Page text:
Sarah Wiebe discusses the significance of culturally-sensitive care in matters of life and death
In a video posted to YouTube, the late Makayla Sault read a letter explaining why she declined chemotherapy. In that video, she says that, “This chemo is killing my body and I cannot take it anymore.” Seeing Makayla so full of life in this video is shocking. In Regional Chief of Ontario Stan Beardy’s words, Makayla was “full of spirit and a young warrior who fought her disease on her own terms to the very end.”
My heart goes out to Makayla Sault and her family. I can only imagine how difficult this must be for all those she touched during her eleven years of life. Though I haven’t lost a child, I have held the hands of loved ones struggling to reconcile with cancer and directly witnessed the distress it poses to the mind, body, and soul. Although removed from this immediate situation, Makayla’s story compels me to reflect on and to write about the politics surrounding issues of health, life, and death in Canada.
Last year, Makayla began chemotheraphy to treat her acute lymphoblastic leukemia. After twelve weeks, her family chose to stop that treatment and pursue traditional alternatives. As the widespread media attention and public debate reveal, this action sparked much controversy about the meaning of rights: of the child, of Indigenous peoples and, to the right to choose between life and death.
The events leading up to and following Makayla’s passing raise a fundamental political question: who determines the right to let live and let die? To this day, Western principles and values inform modern politics, which also impact the healthcare field. Makayla’s story powerfully thrusts the private matter of governing one’s body into the public domain. Given the ongoing impact of Residential Schools, Canadians cannot be naïve about the ways in which the disciplinary techniques of these schools sought to sequester and erase the vibrant cultural traditions of an entire population. We should not be shocked when those directly affected by this racist and colonial state policy want to take matters into their own hands.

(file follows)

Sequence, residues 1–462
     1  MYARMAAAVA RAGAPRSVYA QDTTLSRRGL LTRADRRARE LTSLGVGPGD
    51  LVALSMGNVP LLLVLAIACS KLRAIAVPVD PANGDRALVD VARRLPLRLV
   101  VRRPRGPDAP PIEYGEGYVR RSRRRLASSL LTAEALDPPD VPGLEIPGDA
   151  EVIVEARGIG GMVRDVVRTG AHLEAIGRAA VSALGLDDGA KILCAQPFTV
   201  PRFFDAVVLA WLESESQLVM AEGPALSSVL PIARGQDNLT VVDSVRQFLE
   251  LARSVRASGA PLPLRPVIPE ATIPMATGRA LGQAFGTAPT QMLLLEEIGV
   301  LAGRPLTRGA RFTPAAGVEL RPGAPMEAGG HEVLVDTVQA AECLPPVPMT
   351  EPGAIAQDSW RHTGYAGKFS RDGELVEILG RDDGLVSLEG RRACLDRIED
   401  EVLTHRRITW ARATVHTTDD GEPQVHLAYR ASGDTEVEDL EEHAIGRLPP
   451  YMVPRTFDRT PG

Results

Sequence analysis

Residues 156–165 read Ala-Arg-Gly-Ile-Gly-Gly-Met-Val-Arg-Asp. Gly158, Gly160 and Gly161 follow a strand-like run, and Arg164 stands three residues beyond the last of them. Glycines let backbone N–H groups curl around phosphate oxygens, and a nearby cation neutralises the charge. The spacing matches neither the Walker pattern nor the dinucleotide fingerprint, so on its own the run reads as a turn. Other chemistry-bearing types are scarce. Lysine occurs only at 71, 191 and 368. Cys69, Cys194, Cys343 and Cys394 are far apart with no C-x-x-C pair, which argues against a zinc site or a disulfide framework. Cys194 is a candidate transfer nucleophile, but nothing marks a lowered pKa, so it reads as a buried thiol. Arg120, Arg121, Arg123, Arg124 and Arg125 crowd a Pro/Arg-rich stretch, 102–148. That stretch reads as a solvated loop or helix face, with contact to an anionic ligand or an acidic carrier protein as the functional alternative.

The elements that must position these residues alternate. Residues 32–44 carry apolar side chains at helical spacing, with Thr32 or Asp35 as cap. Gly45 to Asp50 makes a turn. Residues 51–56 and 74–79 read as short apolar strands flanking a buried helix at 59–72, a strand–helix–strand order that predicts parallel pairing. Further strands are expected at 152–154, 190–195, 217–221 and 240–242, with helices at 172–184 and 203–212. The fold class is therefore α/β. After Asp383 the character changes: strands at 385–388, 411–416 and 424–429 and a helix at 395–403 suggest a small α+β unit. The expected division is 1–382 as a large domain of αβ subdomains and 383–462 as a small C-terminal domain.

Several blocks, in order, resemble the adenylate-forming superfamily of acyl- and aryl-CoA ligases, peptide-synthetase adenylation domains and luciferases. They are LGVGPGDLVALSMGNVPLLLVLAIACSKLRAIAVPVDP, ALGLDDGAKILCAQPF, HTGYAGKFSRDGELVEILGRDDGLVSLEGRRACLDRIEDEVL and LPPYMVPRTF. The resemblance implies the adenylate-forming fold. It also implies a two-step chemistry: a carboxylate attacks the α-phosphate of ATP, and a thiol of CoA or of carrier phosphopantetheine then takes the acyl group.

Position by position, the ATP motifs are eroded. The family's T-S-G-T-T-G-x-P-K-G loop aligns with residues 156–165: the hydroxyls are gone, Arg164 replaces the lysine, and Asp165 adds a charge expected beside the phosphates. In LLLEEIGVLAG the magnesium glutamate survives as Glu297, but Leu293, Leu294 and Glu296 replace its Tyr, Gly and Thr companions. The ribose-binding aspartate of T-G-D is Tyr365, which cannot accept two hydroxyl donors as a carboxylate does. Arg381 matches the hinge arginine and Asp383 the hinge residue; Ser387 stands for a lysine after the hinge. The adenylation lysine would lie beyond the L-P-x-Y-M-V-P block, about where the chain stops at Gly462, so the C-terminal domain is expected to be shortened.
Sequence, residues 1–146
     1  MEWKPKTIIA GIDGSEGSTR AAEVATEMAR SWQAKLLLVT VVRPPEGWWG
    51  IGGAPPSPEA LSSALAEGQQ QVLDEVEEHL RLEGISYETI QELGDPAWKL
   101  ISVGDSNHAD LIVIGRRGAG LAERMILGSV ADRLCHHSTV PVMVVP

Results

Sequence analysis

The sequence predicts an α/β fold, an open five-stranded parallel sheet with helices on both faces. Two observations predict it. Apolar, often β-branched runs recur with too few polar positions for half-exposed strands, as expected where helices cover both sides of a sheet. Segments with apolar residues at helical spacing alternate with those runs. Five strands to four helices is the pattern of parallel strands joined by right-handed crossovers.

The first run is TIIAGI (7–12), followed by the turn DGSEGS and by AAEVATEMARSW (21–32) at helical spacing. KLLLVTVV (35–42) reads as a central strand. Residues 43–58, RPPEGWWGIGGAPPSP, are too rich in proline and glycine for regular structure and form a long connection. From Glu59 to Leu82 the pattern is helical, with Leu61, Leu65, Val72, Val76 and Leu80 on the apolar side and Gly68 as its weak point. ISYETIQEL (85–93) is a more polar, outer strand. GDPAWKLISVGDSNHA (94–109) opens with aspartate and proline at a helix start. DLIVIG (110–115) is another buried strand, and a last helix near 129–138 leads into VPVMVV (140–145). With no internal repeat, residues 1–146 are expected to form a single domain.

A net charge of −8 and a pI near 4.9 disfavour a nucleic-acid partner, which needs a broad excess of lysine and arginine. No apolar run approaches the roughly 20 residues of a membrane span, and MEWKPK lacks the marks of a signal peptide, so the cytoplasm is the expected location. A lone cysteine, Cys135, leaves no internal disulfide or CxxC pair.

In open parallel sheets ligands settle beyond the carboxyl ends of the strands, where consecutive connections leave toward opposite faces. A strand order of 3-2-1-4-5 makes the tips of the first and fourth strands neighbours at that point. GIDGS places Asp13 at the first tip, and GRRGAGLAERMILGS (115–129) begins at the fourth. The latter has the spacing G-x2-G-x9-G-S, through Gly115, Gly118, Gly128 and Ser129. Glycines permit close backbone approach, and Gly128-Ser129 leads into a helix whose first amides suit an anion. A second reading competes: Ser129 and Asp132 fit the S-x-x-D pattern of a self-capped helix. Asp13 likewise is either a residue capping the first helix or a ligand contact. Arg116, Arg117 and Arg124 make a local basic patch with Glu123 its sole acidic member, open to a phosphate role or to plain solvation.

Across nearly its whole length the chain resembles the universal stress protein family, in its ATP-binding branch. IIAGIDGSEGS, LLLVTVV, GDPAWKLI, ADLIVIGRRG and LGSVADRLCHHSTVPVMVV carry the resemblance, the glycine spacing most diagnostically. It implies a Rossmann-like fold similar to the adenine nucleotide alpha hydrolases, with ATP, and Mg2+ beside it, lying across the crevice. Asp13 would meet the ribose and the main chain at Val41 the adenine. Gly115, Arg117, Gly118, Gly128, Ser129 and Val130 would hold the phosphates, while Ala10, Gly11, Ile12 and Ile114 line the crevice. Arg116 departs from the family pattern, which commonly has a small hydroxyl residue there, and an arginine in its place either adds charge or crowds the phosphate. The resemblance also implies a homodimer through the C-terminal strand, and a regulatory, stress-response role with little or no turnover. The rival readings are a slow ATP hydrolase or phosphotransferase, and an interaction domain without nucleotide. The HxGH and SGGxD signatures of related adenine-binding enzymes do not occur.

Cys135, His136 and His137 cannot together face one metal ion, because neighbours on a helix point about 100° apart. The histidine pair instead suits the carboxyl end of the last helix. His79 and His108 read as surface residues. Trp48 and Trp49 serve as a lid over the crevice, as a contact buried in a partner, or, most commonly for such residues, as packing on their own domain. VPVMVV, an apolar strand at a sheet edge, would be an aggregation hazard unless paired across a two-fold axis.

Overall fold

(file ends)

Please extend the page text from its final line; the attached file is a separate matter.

Moreover, the outpouring of public commentary reveals just how far we have yet to go to obtain culturally-sensitive healthcare that blends diverse knowledge systems and traditions. This is needed to cultivate conditions for health equity. I was reminded of just how far we have to go while recently visiting a dear friend from Aamjiwnaang struggling to receive psychiatric treatment in a healthcare system entrenched with Western values. Unfortunately, this story is one of many disheartening stories involving tensions between Aboriginal and Western values in Canadian healthcare.
Sometimes these tensions find their way to court. Last year, Ontario Court Justice Edward’s controversial and precedent-setting decision ruled that another Aboriginal child, known as J.J., could pursue traditional medicine as an Aboriginal right guaranteed under section 35 of the Canadian Constitution. Similarly, McMaster Children’s Hospital requested that the court intervene on behalf of Makayla. The court’s denial to do so spawned a flurry of public opinions from both academic and medical communities.
We must ask whether the courtroom is the right place to settle such difficult questions. Some say that Makayla died “because she was Aboriginal”. The ethical questions at stake are not just about which body of law – whether Indigenous, provincial or federal – should determine the right to let live or let die. More importantly, this is a matter that interrogates Western assumptions and forces us to evaluate our Western values.
Rather than interpreting Makayla as a helpless victim, we can look at the event as fundamentally political with implications for how we think about agency, choice and freedom. While the issue at play is partially about “rights” – individual or group – it is much more. Significantly, as Canadians with a shared interest in how we live well together on this land, the time is certainly ripe to develop more respectful ways of engaging across diverse health systems. From an approach grounded in respect for treaty relations and aligned with a Two Row Wampum vision of medical ethics, this begins with recognition of and respect for Indigenous healing traditions and practices. We need to be grateful to Makayla, who leaves us with a gift in the form of a much needed conversation about Aboriginal health care and self-determination.